Yi O’s Rice Farm Field
Yi O Rice Farm Worker
Yi O’s Rice Farm Tourist
Yi O’s Rice Farm Bees
Yi O’s Rice Farm
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Rediscovering Hong Kong’s farming heritage in Yi O’s serene rice fields

Sit down for a meal in Hong Kong and you’d expect rice to be present in one of its many forms, from savoury to sweet. That a simple grass grown for thousands of years by ancient cultures is still an essential ingredient in the great cuisines of the world is an amazing story.

Hong Kong’s 7.4 million people consume around 860 tonnes of rice daily, imported from several rice-growing nations, including Thailand, Australia, China, Vietnam, Cambodia and even the US. Yet Hong Kong was once a net exporter of this essential grain.

Local farmers began abandoning the backbreaking work of rice farming in the 1960s, and today, local farming focuses on growing vegetables, fruit, and flowers.

But consumer demand for the perceived health benefits of organic food is seeing increasing local production of high quality and high-value organic produce.

In a serene valley in Yi O, on Lantau Island, the sound of birdsongs and the hum of insects fill the air. Here, rice growing is flourishing, thanks to an unusual bunch of Hong Kongers and their ambitious decision to go organic, using abandoned rice fields.

Although the Yi O villagers and their homes have long since disappeared, the flat valley floor has now returned to flooded rice paddies, alive with tiny thumb-sized frogs, tadpoles, grasshoppers, scarlet dragonflies, and huge butterflies.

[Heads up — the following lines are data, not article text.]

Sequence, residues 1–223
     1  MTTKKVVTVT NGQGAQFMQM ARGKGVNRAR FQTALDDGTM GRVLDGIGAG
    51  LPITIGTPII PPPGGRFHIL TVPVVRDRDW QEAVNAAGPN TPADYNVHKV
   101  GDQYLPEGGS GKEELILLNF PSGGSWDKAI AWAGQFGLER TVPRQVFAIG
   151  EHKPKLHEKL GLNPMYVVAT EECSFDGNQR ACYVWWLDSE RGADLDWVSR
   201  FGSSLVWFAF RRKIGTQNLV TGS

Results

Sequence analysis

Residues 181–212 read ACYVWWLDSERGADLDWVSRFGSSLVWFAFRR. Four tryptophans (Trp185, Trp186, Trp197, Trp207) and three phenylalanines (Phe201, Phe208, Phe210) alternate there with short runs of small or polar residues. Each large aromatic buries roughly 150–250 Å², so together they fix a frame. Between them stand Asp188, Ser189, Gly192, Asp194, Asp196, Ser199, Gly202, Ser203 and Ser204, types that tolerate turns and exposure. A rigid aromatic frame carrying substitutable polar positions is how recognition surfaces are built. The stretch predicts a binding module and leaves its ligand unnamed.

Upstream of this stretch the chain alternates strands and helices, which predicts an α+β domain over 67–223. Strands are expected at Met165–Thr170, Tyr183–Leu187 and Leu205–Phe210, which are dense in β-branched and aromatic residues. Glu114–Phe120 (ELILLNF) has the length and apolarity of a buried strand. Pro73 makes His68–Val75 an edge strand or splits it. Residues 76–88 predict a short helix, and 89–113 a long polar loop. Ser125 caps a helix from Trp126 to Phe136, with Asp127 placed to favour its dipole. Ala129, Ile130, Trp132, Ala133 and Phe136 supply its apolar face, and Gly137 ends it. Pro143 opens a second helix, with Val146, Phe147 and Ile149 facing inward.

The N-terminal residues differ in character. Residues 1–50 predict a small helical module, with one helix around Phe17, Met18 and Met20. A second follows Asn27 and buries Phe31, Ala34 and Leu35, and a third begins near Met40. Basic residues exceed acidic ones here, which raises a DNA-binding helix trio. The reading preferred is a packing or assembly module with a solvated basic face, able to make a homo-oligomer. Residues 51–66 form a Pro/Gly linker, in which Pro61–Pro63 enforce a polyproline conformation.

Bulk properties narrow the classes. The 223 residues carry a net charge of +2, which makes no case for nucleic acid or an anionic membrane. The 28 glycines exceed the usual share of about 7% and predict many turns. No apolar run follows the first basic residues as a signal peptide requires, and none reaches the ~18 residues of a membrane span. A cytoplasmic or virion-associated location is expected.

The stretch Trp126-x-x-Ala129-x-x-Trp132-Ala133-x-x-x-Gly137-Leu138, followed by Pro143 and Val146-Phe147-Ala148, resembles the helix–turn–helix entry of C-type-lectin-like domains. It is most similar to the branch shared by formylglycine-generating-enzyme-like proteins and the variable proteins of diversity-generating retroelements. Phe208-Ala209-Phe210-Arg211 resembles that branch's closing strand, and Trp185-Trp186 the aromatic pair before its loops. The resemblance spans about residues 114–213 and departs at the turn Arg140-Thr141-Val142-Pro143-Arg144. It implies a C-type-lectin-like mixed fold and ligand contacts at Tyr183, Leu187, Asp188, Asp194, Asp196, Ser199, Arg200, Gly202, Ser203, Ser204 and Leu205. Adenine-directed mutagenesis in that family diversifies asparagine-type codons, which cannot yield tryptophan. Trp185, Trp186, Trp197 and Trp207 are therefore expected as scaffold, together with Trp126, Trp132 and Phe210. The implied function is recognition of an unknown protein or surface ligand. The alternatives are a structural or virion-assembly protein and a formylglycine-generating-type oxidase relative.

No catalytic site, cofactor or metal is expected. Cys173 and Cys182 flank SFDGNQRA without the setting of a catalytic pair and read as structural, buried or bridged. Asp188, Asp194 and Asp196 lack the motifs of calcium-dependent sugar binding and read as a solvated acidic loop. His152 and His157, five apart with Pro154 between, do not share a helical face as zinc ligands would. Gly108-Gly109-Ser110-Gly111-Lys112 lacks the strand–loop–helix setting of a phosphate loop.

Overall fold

Brimming with enthusiasm for the project, Yi O Agricultural Cooperation Director Alan Wong says the project’s first challenge was to persuade landowners, now living elsewhere in Hong Kong and overseas, to lease their abandoned land for a time frame that would allow the start-up to not only find its feet but thrive as well.

“Although Yi O was abandoned about forty years ago, it was farmed for more than one-hundred years and it has good water and rich soil.

“We have a very loose arrangement with the villagers in that they allow us to farm on their agricultural land for thirty years. We don’t pay rent; we didn’t buy land.”

Wong then took a rather unconventional way of recruiting potential rice farmers.

“I placed a job ad and as a result, a former property manager has now been here for four years.”

“One of our other farmers studied landscape architecture, one lady was a construction worker who helped with restoration work on the paddies and another lady used to come here to see the butterflies and asked us ‘do you need farmers?’ Another was a retiree who was a former farmer in mainland China.”

The Cooperative has now been operating for four years. Wong says Yi O currently produces around 1.6 tonnes of rice annually. The crop is harvested twice yearly, in July and October.

“The key to Yi O rice is its aroma. Yi O rice is fresh from the field, as we get it to market within two months. Other rice available in Hong Kong, such as Thai rice, can be up to two years old, and even Japanese rice may be up to six months old.”

Organic rice is sold online. Retail outlets include the Coop’s shop in Tai O and the Ga Ga Store in Prince Edward, but demand is so high, it sells out quickly.